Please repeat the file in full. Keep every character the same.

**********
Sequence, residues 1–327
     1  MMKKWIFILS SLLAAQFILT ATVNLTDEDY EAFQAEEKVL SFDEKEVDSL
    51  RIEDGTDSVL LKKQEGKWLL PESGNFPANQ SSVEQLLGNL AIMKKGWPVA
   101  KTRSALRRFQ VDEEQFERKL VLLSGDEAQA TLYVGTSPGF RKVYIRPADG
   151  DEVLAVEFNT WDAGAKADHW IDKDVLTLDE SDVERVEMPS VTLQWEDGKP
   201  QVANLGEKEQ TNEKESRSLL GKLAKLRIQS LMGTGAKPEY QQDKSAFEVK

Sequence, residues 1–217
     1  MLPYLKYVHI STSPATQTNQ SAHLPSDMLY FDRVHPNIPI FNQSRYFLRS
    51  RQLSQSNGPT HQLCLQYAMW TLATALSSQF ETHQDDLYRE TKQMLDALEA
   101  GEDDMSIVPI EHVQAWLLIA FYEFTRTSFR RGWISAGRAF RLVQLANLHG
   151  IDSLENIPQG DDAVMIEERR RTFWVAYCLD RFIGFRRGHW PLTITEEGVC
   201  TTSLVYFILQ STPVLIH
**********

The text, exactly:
Sequence, residues 1–327
     1  MMKKWIFILS SLLAAQFILT ATVNLTDEDY EAFQAEEKVL SFDEKEVDSL
    51  RIEDGTDSVL LKKQEGKWLL PESGNFPANQ SSVEQLLGNL AIMKKGWPVA
   101  KTRSALRRFQ VDEEQFERKL VLLSGDEAQA TLYVGTSPGF RKVYIRPADG
   151  DEVLAVEFNT WDAGAKADHW IDKDVLTLDE SDVERVEMPS VTLQWEDGKP
   201  QVANLGEKEQ TNEKESRSLL GKLAKLRIQS LMGTGAKPEY QQDKSAFEVK

Sequence, residues 1–217
     1  MLPYLKYVHI STSPATQTNQ SAHLPSDMLY FDRVHPNIPI FNQSRYFLRS
    51  RQLSQSNGPT HQLCLQYAMW TLATALSSQF ETHQDDLYRE TKQMLDALEA
   101  GEDDMSIVPI EHVQAWLLIA FYEFTRTSFR RGWISAGRAF RLVQLANLHG
   151  IDSLENIPQG DDAVMIEERR RTFWVAYCLD RFIGFRRGHW PLTITEEGVC
   201  TTSLVYFILQ STPVLIH